Discussion Leader - Part 4, Looking for Alaska

Kathy here to lead discussion about the last part of Looking for Alaska.


  1. Was Alaska's death a suicide? Note that this is not a yes or no answer. You have to give reasons for your answer.
  2. Is 'the labyrinth' a relevant concept in day to day life and how, especially as teenagers? Do you believe that forgiveness is truly the answer?
  3. How does Pudge's character develop as a result of Alaska's death? Is this a coming-of-age novel?
  4. BONUS QUESTION: Do you see any symbolism in the knock knock joke Alaska tells Pudge earlier in the story (the one where she tells him to start it)?

I hope these questions will lead to further insight! Happy reading TFiOS beginning this week!

-Kathy

3 comments:

Autumn Skye said...

It certainly is not a yes or no answer. However, I'm not sure I could pick yes or no and then explain. Because frankly, I'm not sure. Alaska was extremely intoxicated. According to the Colonel, "Not fun drunk". It could be that Alaska's upset state of being in addition to her degree intoxication that caused her to swerve. Or, when Alaska was in such a state with her degree of emotional pain, guilt and grief she felt, she made an impulsive decision (Classic Alaska) and decided to get out of the Labyrinth "straight and fast" and aimed for her shot "out" of it.

Often people say "That"s life" which I think is a concept of the Labyrinth, life is full of ups and downs, there's a lot of suffering. Things don't always go our way, terrible things happen we can't try, the good do in fact die young, sometimes we love and the love is not returned, and sometimes we're scared. In order to survive in the Labyrinth you must forgive. Forgive yourself for your flaws, forgive someone when they do not love you, forgive others' flaws, it is the way out. Forgiveness. Acceptance. Is how you live in the Labyrinth.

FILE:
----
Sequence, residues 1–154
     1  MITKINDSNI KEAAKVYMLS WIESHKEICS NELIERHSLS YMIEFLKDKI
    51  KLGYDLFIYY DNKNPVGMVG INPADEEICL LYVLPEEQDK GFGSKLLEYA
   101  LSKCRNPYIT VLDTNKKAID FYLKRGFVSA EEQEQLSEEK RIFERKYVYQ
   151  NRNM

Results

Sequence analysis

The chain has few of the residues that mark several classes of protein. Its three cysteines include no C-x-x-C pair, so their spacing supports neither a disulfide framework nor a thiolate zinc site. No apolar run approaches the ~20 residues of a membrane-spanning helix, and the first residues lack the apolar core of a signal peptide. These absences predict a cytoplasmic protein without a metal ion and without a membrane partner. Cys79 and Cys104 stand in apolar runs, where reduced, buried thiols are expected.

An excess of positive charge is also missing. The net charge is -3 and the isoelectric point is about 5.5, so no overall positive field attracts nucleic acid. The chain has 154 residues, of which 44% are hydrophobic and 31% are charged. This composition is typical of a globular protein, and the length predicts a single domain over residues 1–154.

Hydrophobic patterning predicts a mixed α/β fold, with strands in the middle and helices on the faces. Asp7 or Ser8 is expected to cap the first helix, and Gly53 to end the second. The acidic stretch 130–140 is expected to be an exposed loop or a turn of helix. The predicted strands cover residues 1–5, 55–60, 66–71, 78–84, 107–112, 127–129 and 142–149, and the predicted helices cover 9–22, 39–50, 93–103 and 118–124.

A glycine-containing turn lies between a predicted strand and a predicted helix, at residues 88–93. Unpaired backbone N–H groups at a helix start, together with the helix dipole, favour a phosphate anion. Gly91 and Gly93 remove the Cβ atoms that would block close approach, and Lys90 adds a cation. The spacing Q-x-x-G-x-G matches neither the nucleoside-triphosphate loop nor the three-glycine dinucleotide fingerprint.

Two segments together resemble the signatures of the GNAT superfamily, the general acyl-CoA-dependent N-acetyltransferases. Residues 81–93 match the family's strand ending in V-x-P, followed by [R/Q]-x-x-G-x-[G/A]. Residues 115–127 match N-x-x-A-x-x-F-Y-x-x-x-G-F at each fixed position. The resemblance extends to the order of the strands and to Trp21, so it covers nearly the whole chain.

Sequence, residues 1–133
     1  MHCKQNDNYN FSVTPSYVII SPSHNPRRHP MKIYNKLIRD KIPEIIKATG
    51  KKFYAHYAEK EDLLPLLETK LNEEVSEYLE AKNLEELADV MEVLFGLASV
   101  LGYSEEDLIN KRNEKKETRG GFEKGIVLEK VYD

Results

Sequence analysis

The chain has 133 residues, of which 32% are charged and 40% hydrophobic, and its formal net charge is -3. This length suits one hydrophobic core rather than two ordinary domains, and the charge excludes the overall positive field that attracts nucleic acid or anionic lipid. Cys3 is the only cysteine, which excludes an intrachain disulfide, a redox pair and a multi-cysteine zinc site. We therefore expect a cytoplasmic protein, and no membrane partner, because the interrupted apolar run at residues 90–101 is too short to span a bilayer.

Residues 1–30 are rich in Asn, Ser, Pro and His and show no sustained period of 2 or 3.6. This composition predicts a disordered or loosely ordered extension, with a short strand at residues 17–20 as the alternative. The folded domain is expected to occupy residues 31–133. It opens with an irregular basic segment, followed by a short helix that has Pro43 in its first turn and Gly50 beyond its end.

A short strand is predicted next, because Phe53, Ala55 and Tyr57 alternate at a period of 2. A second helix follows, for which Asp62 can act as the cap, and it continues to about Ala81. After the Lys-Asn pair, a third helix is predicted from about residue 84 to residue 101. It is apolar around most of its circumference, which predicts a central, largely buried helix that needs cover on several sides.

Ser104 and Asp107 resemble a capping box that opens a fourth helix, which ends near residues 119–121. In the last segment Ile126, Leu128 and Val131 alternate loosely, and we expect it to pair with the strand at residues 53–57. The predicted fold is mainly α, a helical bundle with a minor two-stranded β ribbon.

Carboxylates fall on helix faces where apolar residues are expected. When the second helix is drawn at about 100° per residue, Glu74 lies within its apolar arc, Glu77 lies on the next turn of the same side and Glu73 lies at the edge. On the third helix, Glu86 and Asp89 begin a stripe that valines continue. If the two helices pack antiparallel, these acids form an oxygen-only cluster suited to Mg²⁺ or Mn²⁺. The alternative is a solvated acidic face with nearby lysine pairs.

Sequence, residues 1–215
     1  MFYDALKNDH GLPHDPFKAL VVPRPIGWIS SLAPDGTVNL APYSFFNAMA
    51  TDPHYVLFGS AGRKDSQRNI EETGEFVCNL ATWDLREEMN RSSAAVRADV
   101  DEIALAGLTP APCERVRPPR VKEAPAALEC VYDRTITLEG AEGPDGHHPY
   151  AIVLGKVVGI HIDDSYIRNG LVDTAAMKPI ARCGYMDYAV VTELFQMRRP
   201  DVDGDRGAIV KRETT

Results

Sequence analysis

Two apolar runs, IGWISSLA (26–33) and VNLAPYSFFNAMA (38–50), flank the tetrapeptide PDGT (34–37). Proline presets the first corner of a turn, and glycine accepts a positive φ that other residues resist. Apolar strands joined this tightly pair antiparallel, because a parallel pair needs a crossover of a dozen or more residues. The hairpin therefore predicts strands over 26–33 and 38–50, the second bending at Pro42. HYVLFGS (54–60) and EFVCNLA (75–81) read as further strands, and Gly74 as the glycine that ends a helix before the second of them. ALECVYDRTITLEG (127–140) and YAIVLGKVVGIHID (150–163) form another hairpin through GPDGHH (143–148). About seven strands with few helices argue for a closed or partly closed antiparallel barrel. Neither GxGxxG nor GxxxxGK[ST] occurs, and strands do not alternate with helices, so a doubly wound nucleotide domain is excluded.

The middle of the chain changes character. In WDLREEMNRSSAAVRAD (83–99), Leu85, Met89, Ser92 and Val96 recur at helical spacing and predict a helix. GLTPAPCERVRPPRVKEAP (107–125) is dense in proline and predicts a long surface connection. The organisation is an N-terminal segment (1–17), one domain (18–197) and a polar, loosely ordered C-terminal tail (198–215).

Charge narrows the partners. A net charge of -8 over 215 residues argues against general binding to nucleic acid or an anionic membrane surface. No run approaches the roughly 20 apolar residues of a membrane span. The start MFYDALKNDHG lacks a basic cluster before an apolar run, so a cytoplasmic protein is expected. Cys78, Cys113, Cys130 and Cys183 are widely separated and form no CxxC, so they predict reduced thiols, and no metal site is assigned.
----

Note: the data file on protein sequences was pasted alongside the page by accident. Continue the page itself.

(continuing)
Pudge is forced to grow up much faster than originally. He becomes wise the hard way. So many life lessons from one huge blow to his heart. Losing both love and a friend. I find myself saying people become wise in terrible ways. Something that impacted someone in an earth shattering way: heartbreak. loss. This results in someone who has words of encouragement and life lessons, yet doesn't advertise why they would know such a thing. Alaska created a Pudge with her in him. She will always be part of his past that he hides. Like she hid the pain from her mom's untimely death, he'll hide hers.

Audrey Lu said...

I think the whole point of not knowing Alaska's death is to wonder whether it was or not, to leave the reader tormented by it like Pudge was. In my opinion, I said no. Just because if you look at Alaska closely, she has a lot to live for. Friends, her life library, all of the things she wanted to do. I don't think she'd just drop all of it and choose to die.
In elementary school we did a labyrinth walk in our church once-- our teacher had us walk around the labyrinth pattern on the floor and think about our lives. I think it's a pretty similar idea-- people try to go through mazes all their lives, thinking about who they are and why theyre stuck, sometimes it's easy, sometimes they hit a dead end. Life is just a big maze and we have to navigate it.
It's not exactly a coming of age novel, but that is a good way to put Pudge's transformation. After all, he came to the school to grow up a little bit, didn't he?

Kathy Z said...

Regarding question 1, John Green says he doesn't know if it was a suicide or not. He never intended it to be one way or the other. That's the beauty of the book. :)

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